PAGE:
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But amid the onslaught of insults there were whispers His Majesty was being urged to reconsider his position – even by some senior ranking royals – out of concerns any private discussions would make their way into print.
These qualms were no doubt not eased when Harry revealed in an interview with The Telegraph this week that he had enough material to publish a second book.
In fact, half of his first draft ended up on the cutting room floor, because he feared revealing its contents would mean he’d passed the point of no return with both his brother and father.
He said: ‘There are some things that have happened, especially between me and my brother, and to some extent between me and my father, that I just don’t want the world to know. Because I don’t think they would ever forgive me.’
These memories were shared with ghostwriter J.R. Moehringer only for context, and did not make the final cut. Publisher Penguin Random House says Spare is already a record breaker.
Harry said he knew that including any details about intimate moments with his family would attract backlash, but ultimately decided he could not truthfully tell his story without them.
Still, the Royal Household is said to remain hopeful the worst of the grenade throwing is now in the past.
If that proves to be correct, and Harry spends the next few weeks living the quiet life in Los Angeles he and Meghan have longed for, sources say there is hope for his relationship with his family.
Harry said he’d be open to reconciliation and even returning to a partial royal role, on the condition he could have ‘frank’ conversations with his family which would stay private.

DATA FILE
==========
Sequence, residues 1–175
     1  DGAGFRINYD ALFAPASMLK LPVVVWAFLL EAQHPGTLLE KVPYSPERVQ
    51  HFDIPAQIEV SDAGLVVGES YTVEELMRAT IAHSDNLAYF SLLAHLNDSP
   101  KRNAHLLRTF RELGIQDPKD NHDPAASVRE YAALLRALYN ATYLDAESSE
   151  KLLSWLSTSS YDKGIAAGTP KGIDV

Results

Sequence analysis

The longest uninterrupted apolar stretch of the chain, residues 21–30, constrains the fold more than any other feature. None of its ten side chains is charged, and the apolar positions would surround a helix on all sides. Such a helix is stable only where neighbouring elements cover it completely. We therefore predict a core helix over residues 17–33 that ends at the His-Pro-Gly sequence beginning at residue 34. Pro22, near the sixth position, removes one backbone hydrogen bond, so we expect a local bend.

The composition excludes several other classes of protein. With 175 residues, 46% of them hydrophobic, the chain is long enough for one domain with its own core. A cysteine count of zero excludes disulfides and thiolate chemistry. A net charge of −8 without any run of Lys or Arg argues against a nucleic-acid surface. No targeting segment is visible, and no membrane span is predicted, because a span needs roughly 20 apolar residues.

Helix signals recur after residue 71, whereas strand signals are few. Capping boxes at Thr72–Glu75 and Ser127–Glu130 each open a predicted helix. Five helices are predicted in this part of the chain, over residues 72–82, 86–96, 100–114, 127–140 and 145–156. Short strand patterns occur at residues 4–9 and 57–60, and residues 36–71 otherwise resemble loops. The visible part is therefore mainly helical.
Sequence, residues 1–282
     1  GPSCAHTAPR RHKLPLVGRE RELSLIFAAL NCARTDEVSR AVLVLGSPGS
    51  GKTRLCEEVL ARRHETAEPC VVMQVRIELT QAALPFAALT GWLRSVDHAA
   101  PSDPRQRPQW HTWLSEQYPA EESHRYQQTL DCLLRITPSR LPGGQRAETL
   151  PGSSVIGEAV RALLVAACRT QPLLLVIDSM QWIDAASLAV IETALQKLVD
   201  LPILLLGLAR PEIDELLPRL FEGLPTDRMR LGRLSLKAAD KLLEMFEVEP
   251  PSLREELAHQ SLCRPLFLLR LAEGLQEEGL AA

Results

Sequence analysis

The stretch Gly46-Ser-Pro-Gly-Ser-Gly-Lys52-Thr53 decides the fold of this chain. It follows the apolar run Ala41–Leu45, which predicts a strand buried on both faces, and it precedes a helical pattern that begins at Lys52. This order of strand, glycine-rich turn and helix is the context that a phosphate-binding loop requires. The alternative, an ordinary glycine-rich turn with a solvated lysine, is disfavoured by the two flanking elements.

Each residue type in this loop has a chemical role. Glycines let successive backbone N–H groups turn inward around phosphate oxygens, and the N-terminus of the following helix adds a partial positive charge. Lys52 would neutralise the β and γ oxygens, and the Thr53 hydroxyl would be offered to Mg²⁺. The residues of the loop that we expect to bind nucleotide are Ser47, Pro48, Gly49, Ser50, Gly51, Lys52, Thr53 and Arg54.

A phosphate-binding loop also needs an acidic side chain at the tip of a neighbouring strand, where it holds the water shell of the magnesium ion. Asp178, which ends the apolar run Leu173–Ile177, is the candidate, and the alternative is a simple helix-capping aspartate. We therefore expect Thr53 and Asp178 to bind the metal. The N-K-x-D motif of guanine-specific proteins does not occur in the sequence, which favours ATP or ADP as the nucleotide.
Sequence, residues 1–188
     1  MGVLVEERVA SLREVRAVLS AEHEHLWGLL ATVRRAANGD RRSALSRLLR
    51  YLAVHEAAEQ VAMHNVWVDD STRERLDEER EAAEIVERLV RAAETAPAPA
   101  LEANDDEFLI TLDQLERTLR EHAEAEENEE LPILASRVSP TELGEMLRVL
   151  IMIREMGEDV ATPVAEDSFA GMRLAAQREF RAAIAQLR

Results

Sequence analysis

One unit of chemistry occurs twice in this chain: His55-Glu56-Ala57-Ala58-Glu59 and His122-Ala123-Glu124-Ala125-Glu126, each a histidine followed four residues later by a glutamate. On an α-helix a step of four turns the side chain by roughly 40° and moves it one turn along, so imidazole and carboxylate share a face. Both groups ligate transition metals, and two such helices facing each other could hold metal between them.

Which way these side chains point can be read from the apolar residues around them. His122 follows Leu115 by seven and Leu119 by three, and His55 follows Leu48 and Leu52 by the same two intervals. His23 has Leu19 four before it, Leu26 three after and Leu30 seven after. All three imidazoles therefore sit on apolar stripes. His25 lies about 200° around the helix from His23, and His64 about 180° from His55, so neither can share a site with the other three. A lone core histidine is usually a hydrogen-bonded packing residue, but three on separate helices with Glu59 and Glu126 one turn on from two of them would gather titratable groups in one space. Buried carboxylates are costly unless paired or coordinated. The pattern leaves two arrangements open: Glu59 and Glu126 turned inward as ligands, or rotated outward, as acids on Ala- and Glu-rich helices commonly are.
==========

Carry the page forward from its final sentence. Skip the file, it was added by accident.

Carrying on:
The Duke of Sussex has appeared on several US television shows to promote the memoir and reveal additional family secrets
‘I don’t know whether they’ll be watching this [interview] or not, but, what they have to say to me and what I have to say to them will be in private, and I hope it can stay that way,’ he said, noting he doesn’t want ‘frank discussions [to] leak out’.
The comments have been labelled ironic given all the private moments Harry has shared in his memoir.
Prince Harry slapped one of his own security guards nicknamed ‘Billy the Rock’ after a night of heavy drinking
He also said he’d require an apology for Meghan if he were to return to the royal fold.
The prince said: ‘You know what you did, and I now know why you did it. And you’ve been caught out, so just come clean.’
He claimed that ‘if people had listened’ to his concerns earlier, the gulf between he and Meghan and the rest of the royals would not have grown so wide.
It is not clear what Harry wants his family to apologise to his wife for but he claimed he was fighting the ‘good fight’ by siding with Meghan.
During the publicity blitz to promote his book, the Duke of Sussex told Tom Bradby that ‘a lot can happen between now and then’ when asked if he will go to see his father crowned in May.
The coronation – just 16 weeks away – will be a smaller affair than ever before, which is a reflection of King Charles’ ambitions for a slimmed down monarchy. The palace are yet to publish plans for the ceremony and the guest list has not yet been agreed.
Organisers said the event will ‘reflect the monarch’s role today’ and ‘look towards the future, while being rooted in longstanding traditions and pageantry’.
Archbishop of Canterbury Justin Welby said: ‘There is always a way forward. But it has to be at the right time.’
Charles reveals to friends he wants to shy away from a bitter battle with Harry: The King knows better than anyone the Duke of Sussex has barely scratched the surface about his marriage to Diana and that he has reason to fear his son, writes TOM BOWER
At a recent private dinner for friends hosted by Charles and Camilla at Clarence House, the King’s guests were taken aback by his obvious reluctance to confront his son Harry over his disloyalty.
In the face of multiple smears, indiscretions and provocations, Charles betrayed one of his cardinal weaknesses: a constitutional unwillingness to confront personal problems head-on.
Rather than fight for an important principle, Charles disclosed to his guests, he preferred to shy away from a bitter battle.
And so it came as no surprise to read yesterday’s newspaper account of proposals for a mooted peace summit, with Palace ‘sources’ quoted as saying that the King might ignore Harry’s treachery and deceit over the past week and seek ‘reconciliation’ by admitting his errors.